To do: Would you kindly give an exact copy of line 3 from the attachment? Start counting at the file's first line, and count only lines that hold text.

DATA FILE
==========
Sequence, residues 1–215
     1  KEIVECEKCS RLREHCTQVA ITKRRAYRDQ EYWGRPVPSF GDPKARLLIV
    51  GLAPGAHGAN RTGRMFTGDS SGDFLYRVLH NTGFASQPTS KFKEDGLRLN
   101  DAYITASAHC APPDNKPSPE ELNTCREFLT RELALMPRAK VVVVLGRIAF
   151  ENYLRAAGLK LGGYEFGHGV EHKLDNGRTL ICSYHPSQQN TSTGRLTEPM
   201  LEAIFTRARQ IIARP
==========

    51  GLAPGAHGAN RTGRMFTGDS SGDFLYRVLH NTGFASQPTS KFKEDGLRLN